Statists and other varieties of socialist have more or less succeeded in making the planet as dangerous a place as the buggers can get away with. Liberal minimal-statism will never, ever be forgiven for causing useless pre-capitalist-barbarian intellectuals and poseurs to be fully redundant.
This article in the Torygraph caught my eye this morning, and filled me with forebodings concerning certain things that happened in Britain’s recent history. I regard event like WW2 as having happened “this morning”, sometimes, in the light of how I perceive the March Of Time.
It is in general not good to (as the late Osama-bin-Liner said about weak and strong horses) seem to be a weak horse. This is because that Man’s biological instincts and use of neo-English-social-rationality are not at all walking in step in the majority of populations, nations and races today, in contrast generally with how they are in populations inside the Anglosphere.
Modern “Democrat” US Presidents seem to be an exception, a sort of throwback to pre-settlement-primitivism, in which you Continue reading
Posted in Anglosphere, army, British Media, Calssical liberal, Culture War, de-civilisation, defence, Events, history, Law, Liberty, politicians, poor people, Practical Coal Mining, Science and Engineering, USA, War
By Mustela nivalis
In a comment under my post about how it was ‘the internet wot won it
’, meaning that it stopped some insane thugs from insanely intervening violently in that nest of vipers which is called Syria, Sean Gabb wrote:
I keep asking myself what would have happened in July 1914 if we’d had the Internet. One thing for sure is that the idiots in charge wouldn’t have had such an easy ride to Armageddon.
The interesting point I think is this: Without WWI and everything that followed there would not have been an internet. There needed to be a longish historical phase of intense worldwide centralization before a decentralizing force appeared.
Note: Since the only notice I take of America is to loathe it and wish for its collapse, I may not be best qualified to comment on its internal politics. However, I suspect Mr Obama is playing a clever game. He doesn’t want another war in the Middle East. He opposed the Iraq War. He’s spent five years saying no to an attack on Iran. Going to war in Syria will probably mean fighting Iran and annoying the Russians and Chinese. The best outcome of an intervention will do nothing for him or his friends. So, having been nagged rotten by the whole gang of crazed neo-cons into supporting their war, he’s broken the rules of the game. He was expected to press all the buttons on his own authority, and let the Congressmen make prosy speeches about supporting the Government, and then vote the necessary funds and shut up. What he’s done instead is to tell these people to decide for him. That means the sticky-fingered drunkards and debauchees the Americans turn out in diminishing numbers to re-elect will have to get up on their hind legs in public and risk losing their meal tickets at the next election. If they vote yes to war, and – as it almost certainly will – it goes tits up, Mr Obama drags them down with him. If they vote no, he can shrug and go back to doing whatever else he’d rather do. It also means he can sack a few of the warmongers forced on him.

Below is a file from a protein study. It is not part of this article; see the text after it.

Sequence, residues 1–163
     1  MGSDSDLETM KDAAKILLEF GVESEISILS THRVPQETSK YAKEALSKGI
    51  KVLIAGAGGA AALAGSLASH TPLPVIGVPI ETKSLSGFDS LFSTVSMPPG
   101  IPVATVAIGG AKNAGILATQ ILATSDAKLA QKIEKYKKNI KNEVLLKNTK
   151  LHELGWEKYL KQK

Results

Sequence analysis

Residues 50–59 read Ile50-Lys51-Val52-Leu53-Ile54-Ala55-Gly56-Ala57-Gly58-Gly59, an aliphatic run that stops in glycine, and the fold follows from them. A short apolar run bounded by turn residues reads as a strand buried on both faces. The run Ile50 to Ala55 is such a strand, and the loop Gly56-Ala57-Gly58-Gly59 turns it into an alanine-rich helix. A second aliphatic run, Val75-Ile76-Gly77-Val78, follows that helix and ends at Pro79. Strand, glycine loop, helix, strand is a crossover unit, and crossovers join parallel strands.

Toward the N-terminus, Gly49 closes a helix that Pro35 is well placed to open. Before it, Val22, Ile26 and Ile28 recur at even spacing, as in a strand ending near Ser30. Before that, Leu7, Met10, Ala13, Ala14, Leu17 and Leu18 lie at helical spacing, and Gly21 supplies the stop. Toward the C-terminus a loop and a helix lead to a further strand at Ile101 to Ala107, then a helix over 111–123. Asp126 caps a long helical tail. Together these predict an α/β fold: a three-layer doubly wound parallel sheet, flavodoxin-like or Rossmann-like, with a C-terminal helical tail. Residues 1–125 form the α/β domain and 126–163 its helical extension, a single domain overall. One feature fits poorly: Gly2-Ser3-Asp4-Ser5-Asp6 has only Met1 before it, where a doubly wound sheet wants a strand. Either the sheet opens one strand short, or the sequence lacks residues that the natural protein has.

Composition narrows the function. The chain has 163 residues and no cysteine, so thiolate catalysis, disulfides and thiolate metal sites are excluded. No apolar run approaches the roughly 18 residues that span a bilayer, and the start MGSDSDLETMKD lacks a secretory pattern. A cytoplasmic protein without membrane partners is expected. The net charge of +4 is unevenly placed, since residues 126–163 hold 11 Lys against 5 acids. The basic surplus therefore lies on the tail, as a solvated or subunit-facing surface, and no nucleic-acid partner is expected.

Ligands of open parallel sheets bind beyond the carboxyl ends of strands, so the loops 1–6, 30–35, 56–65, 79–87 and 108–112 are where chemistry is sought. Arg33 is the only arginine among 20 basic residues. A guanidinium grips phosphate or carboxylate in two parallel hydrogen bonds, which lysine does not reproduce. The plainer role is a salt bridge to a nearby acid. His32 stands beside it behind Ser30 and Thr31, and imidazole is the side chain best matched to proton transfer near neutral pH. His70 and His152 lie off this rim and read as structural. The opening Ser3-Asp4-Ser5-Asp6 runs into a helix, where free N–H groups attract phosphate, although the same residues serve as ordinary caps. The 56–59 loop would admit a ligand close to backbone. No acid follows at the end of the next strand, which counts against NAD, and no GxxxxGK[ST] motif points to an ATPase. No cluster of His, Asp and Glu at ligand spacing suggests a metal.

Most of his opponents assume that Mr Obama is just a stupid black man who has been elected twice by various ethnic voting blocs. I suspect he’s a great deal cleverer than they are. Of course, both propositions may be true. To succeed in American politics, you only need to gabble a few set phrases in front of the television cameras, and know which bribes to take. Beyond that, an IQ in the low 70s is probably an advantage. But I suspect – or hope – that Mr Obama really is clever. He may be the most effective President his country has had since the second Mr Roosevelt. The difference is that, where Mr R inflicted America on the world for three generations, Mr O seems to want all its rottenness to curdle at home. I know which I prefer.